I’m in the middle of a series—Penny Reid’s Elements of Chemistry—and it’s got me thinking about whether all series have highs and lows, whether all the books can be equally good. Three, of course, is the magic number for most series: to structure the beginning, middle, and end of a whole arc. My own series, The Carmichaels, has five books because there are five sisters in the family (many series operate that way too—they choose a group of some kind, siblings or otherwise, and then devote one book to each member). But three is still the magic number. Yet, of course, each book is its own self too, and most are even written to function as “standalones” for readers who don’t want to commit. So how to judge each one? On its own merits? As a part of a whole? Inevitably they are compared to each other (again siblings come to mind). I’ve read the first two books of Reid’s series so far and they are equally good as books, but not equal partners in the whole. The first book is short, the second a little longer, and the third much longer. This suits the structure of the story, in which two mismatched college students first need to get together (book one), then encounter conflict (book two), and then resolve the conflict (book three, the longest and hardest part of a story and a relationship). But it’s unusual to track only one couple through a series-- the more common structure is to work through a group of friends, especially in the New Adult (NA) genre that focuses on college-age romances.
Some examples of NA series (another riff on my current reading list): Renita Pizzitola’s Crush, Cora Carmack’s Rusk University, Elle Kennedy’s Off Campus, Kristen Callihan’s Game On, Katie McGarry’s Pushing the Limits, Lex Martin’s Dearest, Sophie Jordan’s Ivy Chronicles, Sarina Bowen’s Ivy Years, among many others. In most cases I find the first books are the best: Kennedy’s The Deal, Callihan’s The Hook-Up, Pizzitola’s A Little Crush. These books set up interesting characters in surprising situations and handle them so neatly that the later books feel like afterthoughts. The second book in Kennedy’s series, The Mistake, is pretty good too, but the wow factor is gone. Pizzitola’s second and third books get less interesting (to me) as their protagonists leave campus and find romance at their summer jobs.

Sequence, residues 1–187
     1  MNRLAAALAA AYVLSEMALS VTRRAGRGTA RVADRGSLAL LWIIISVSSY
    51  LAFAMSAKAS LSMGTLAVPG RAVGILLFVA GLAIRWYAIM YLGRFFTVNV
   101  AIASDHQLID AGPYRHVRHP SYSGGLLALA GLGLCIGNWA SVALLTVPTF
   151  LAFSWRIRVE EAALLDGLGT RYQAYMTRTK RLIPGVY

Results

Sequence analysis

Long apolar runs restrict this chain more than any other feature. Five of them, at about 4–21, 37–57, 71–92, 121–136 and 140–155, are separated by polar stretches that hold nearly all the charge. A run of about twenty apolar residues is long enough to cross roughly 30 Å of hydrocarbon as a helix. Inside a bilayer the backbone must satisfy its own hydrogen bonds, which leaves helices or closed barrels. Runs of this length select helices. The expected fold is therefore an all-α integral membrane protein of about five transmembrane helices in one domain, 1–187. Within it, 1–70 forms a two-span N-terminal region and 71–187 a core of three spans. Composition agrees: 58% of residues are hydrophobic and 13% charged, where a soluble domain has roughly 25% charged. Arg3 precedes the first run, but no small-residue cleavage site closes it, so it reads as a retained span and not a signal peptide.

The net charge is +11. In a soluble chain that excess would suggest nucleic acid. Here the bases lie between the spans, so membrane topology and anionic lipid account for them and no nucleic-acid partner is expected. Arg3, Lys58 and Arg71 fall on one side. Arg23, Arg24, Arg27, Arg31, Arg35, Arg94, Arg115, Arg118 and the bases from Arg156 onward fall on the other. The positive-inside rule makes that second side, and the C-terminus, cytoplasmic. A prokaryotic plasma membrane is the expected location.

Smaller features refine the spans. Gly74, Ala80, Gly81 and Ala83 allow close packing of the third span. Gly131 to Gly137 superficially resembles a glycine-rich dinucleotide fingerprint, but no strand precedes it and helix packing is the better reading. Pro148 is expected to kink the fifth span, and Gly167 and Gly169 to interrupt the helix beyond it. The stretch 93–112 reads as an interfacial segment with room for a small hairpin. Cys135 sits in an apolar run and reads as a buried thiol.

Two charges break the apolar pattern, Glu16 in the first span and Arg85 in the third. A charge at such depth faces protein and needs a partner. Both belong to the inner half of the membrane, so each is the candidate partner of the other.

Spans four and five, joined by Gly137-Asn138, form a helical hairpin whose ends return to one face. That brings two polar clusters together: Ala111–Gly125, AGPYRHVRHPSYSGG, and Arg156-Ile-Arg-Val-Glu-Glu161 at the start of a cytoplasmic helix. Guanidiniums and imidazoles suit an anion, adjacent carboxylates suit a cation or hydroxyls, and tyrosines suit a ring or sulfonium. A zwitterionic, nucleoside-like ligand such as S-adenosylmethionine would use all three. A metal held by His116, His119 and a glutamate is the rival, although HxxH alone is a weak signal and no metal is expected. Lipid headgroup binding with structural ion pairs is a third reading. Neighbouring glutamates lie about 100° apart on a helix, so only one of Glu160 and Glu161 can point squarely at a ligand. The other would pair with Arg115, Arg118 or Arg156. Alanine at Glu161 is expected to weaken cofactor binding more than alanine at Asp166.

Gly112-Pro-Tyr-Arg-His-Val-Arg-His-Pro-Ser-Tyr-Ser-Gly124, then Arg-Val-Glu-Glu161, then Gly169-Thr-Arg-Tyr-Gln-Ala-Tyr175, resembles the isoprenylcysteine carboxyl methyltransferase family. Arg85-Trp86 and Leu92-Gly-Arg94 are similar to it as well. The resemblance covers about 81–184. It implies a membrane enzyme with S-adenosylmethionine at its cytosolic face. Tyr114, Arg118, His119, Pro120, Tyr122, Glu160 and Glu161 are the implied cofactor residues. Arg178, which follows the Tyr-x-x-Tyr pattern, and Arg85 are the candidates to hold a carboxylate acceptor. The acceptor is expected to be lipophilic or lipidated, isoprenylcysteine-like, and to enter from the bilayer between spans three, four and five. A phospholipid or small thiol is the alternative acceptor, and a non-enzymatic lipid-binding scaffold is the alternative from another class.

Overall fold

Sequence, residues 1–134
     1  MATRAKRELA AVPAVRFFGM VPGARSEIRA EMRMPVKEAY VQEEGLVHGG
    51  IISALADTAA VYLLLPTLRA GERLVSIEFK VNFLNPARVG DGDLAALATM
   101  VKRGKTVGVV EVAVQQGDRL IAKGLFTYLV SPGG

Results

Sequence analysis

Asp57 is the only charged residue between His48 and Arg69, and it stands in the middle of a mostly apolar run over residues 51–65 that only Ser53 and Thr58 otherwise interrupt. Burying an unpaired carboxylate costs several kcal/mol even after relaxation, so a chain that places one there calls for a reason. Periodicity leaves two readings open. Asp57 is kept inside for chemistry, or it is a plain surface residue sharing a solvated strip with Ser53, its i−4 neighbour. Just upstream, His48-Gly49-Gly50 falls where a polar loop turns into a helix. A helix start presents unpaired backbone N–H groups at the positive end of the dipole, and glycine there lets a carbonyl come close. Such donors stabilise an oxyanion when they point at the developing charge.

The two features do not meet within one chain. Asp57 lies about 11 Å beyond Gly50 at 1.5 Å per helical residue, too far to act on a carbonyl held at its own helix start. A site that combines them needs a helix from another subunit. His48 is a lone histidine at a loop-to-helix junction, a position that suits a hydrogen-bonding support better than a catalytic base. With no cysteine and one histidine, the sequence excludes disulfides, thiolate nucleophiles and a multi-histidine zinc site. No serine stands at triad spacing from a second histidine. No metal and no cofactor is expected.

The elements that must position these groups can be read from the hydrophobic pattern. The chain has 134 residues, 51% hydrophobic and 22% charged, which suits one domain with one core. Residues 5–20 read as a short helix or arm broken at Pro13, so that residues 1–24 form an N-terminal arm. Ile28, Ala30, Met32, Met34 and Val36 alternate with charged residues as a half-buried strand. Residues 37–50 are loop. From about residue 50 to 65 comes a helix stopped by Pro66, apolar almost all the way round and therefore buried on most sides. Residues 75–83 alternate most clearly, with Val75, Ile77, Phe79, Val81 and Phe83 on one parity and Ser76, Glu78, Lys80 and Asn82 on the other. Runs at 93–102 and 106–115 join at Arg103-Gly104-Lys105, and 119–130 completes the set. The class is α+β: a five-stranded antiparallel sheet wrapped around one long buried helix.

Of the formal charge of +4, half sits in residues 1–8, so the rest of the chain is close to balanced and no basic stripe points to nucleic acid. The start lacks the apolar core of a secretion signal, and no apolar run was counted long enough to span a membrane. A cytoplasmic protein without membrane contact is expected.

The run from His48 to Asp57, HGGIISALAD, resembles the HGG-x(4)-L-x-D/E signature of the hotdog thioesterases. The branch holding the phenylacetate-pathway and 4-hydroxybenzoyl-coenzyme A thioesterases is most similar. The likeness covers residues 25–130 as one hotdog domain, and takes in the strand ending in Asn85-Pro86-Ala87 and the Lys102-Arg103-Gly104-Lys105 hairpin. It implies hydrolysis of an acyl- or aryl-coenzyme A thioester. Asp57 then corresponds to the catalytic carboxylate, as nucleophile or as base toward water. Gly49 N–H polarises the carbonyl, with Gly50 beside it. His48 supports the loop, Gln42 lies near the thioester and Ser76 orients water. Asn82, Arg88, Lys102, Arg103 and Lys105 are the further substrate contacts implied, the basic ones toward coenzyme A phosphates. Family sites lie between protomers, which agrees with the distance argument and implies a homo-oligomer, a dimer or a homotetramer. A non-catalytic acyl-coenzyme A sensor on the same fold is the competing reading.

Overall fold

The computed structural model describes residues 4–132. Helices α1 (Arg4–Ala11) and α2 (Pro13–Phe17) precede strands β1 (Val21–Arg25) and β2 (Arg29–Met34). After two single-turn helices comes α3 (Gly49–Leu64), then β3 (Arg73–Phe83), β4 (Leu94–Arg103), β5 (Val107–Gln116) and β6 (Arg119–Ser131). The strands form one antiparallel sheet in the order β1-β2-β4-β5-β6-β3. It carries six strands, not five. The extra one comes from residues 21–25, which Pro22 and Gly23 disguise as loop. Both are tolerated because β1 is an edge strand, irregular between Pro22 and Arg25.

Occasionally the books get better over the course of the series—or one book in the middle stands out. For me that was true of the second books in Carmack’s and Martin’s series. Both All Broke Down and Finding Dandelion develop new romances out of an original sports or roommate circle and build on the complexities set up in the first books. In Carmack’s All Broke Down the story shifts to Silas, another football teammate, and Dylan, another college student, but raises the stakes—they are even more mismatched, even more damaged by past relationships than Dallas and Carson in the first book. When they struggle to make their relationship work the emotional issues are harder for both of them: they have more to win and more to lose. The third book, All Played Out, backs away from all that emotion though, and (intentionally, I think) aims for a lighter tone that is less memorable. Silas and Dylan stick with me; Mateo and Nell not so much.
Similarly, Martin’s first book Darling Clementine sets up the emotional background for three friends: Clementine, her twin brother Jackson, and her ex-boyfriend Daren, who is also Jackson’s best friend. They make a strong trio to build the series on, especially since their high school interactions have dramatic consequences for their college relationships. But Clementine is paired with a fairly conventional “good guy” hero in the first book, whereas in the second book Jackson gets a heroine of equal complexity and individuality. Danielle, the Dandelion of the title, is a great character and her relationship with Jackson (like Silas and Dylan’s above, or Martin and Kaitlin’s in Elements of Chemistry) is full of the real conflicts and struggles that occur between people trying to do right by themselves as well as each other. Martin set up Clementine and Jackson’s family dramas in the first book so Jackson’s story has a head start. Martin’s third book, Kissing Madeline, then moves on to Daren, but his background isn’t as developed and Madeline isn’t as unique or surprising a character as Danielle.
Which is to say what, then? In a few cases the books in a series have been so uneven that I’ve dropped them. I haven’t finished reading the other volumes. This happened with Carmack’s other series Losing It and Katie McGarry’s Pushing the Limits. I tried two or three books and gave up. Some were great and some were disappointing so I moved on, though I admire those writers enough to try them again with other series. In one case, Brenna Aubrey’s At Any Price, the first one was so good that I’ve been too scared to even try the second volume. I’m afraid of the terrible things that could happen to Mia and Adam...(the synopsis is to blame there).
In writing my own five-part series I’m well aware of the problem of unevenness. At the moment, my second and fourth books feel like the weakest links: I’m not sure how the characters change over the course of the second book and I’m not sure there is enough conflict in the fourth book. But one thing I’ve figured out that may be useful is that I really like revisiting the couples of earlier books and would like them to have more than just cameo appearances in the sequels. I’m working on that now.